Change and All That


The ocean pounds on the Northern California shore outside the retreat house, and we’re sitting around a roaring fire. It’s a stormy, dark day, a day for confidences—except that each of us is engrossed in an iPhone, iPad, or Smart Phone. Every so often someone calls out a bit of information: “Rick Santorum is winning the primary,” or “There’s a new Iranian film coming to town.” The rest of us sigh or smile and then go back to what we were doing.

We’re a companionable group of seven women that has met monthly for over two decades. At our biannual retreats we have long conversations about the most difficult of subjects, and we share quiet moments and laugh a lot. But the electronic dimension is something new. “Look at us,” one woman says. “Where’s the interaction?” A certain defensiveness arises: “It’s no different than when we used to sit around together, reading.”

But it is different, and we all know it.

Now the scope of our group, through electronic extension, includes everyone’s relatives, friends, work associates, and political, religious, and cultural groups. “My son just got fired,” someone cries out, and then she reads the email she’s just received. Suddenly the son is in the room with us, a tangible presence, and we’re all worrying about what lies ahead for him. We might be on retreat, but the world is not as far away as it used to be.

Recently we’ve become heedless about interrupting each other’s silence. The extraneous bits of information get tossed around in a friendly way, without caution. I’d never interrupt anyone reading a book, but if my friends are online, what’s the problem? “Wow,” I say, “I just learned that sand comes from land rocks and river beds, not from the ocean itself.” They look up: “Wow,” they echo.

I’m a great fan of electronic communication. I’ve been using email for years, and I like texting and Facebook. But I can’t help but notice that we’re becoming more scattered in our general conversations as a group and we interrupt each other more often. Our minds seem to be spinning with all the input we receive.

I credit this change to our immersion in electronics—but I could be entirely wrong. Perhaps these changes are taking place because we’ve been together for so many years. Like long-partnered couples, we read each other’s thoughts, finish each other’s sentences, talk on several channels at once in a funny kind of short-hand way.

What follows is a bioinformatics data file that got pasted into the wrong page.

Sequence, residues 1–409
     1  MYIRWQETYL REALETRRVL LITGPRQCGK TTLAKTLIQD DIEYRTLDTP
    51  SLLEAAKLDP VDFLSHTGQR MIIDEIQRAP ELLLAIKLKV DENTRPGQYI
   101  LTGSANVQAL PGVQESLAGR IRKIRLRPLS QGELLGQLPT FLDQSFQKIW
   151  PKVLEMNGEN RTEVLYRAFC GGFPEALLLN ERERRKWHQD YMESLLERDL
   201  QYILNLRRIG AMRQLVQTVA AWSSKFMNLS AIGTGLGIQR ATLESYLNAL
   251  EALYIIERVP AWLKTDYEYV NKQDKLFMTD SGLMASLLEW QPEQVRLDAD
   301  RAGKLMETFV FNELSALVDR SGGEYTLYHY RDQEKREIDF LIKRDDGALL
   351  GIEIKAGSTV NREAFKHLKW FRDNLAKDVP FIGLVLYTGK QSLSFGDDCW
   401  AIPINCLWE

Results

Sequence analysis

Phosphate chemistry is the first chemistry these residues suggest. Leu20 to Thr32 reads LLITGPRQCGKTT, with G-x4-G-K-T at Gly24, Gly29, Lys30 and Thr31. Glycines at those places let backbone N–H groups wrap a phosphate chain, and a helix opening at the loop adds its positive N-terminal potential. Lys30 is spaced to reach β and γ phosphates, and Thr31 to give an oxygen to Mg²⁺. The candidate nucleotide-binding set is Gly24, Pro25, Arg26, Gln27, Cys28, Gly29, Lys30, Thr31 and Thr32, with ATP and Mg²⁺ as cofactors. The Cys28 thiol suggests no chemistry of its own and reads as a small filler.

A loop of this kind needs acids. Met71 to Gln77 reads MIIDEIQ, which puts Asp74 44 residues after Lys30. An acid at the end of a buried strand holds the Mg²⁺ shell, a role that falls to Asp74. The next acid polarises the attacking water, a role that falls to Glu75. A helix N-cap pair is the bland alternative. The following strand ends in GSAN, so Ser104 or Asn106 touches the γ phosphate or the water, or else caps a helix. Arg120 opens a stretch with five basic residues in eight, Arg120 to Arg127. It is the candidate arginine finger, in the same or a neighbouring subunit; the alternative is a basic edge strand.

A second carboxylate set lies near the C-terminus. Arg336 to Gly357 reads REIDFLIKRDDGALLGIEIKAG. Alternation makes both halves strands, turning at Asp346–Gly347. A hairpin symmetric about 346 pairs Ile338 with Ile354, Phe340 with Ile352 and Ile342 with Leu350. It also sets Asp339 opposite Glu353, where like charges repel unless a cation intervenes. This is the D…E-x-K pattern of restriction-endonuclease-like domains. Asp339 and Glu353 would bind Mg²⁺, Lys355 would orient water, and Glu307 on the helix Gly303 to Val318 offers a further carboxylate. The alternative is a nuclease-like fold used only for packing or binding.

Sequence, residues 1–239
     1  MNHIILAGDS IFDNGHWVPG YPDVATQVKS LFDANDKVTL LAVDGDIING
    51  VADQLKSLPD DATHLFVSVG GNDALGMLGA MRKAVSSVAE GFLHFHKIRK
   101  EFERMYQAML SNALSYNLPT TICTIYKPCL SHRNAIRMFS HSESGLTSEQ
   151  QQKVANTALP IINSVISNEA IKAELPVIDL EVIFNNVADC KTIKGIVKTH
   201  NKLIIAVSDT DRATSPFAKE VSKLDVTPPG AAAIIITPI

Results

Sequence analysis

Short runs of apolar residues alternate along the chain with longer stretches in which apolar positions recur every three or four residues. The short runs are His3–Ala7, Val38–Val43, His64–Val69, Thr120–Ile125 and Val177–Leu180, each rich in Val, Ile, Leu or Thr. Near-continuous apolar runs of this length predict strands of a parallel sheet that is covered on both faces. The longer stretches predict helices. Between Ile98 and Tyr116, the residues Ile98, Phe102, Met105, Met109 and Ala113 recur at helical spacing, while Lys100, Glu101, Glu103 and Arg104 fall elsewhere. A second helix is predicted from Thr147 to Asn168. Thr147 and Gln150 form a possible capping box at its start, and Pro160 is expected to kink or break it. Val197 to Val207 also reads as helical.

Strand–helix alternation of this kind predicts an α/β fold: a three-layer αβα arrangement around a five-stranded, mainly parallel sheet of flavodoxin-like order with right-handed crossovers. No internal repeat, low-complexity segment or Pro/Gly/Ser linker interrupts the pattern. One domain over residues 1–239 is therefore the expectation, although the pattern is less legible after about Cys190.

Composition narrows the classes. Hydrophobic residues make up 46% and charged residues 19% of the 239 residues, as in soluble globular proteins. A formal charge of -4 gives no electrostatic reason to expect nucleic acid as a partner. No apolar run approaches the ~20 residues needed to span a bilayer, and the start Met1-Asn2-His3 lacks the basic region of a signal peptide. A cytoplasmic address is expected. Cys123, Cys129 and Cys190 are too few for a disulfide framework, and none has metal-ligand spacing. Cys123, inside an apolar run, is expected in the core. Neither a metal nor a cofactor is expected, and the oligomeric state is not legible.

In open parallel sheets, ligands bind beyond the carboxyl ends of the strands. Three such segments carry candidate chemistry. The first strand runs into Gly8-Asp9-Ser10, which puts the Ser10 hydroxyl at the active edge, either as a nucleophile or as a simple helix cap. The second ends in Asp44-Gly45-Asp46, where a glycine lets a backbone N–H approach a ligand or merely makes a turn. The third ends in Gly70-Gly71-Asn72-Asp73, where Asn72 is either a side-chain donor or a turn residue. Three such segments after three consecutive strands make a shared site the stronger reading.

But then again, there’s another possible explanation: perhaps these changes are taking place because we’re aging. The women in my group know a lot about this subject; we’ve certainly discussed it enough. The photographs we’ve taken through the years witness the progression in our bodies, and we too often lose the right word or we forget the title of a book we finished last week. These changes, and those yet to come, frighten us, but we try to accept them with as much grace as we can muster. Fortunately for us, we have a place to talk about them, and this softens our distress.

As a child I saw change everywhere. I witnessed the blossoms emerge from their buds, tadpoles turn into frogs, the days grow long and then short again, my mother’s eyes fill with sadness. Without being told, I understood that the world recreates itself constantly and nothing remains the same. It was a fact of my life, as it is for all children.

I didn’t know as a child, however, that change would be so difficult to navigate over the course of a lifetime. I didn’t realize how attached I would become to keeping things as they are. And how I would find myself holding on to people or jobs or homes past their time, all for the sake of a non-existent stability.

The painful changes—loss of relationships, children leaving, the death of loved ones, major illnesses—have been a challenge, but I’ve been surprised by how shaken I’ve felt by some of the tiny ones. A favorite restaurant closing, a nearby field plowed under for construction, a writing group disbanded. I’m even mildly bothered by the change in our women’s group, now that we’re bringing our electronic devices to retreats—although this new habit also amuses me, and I welcome the expansion of vision that comes through the internet. If asked, I’d say it’s good that we’re keeping up with the times as we grow old, but I’d also acknowledge that I miss our past way of being together. But not enough to suggest that we return to it.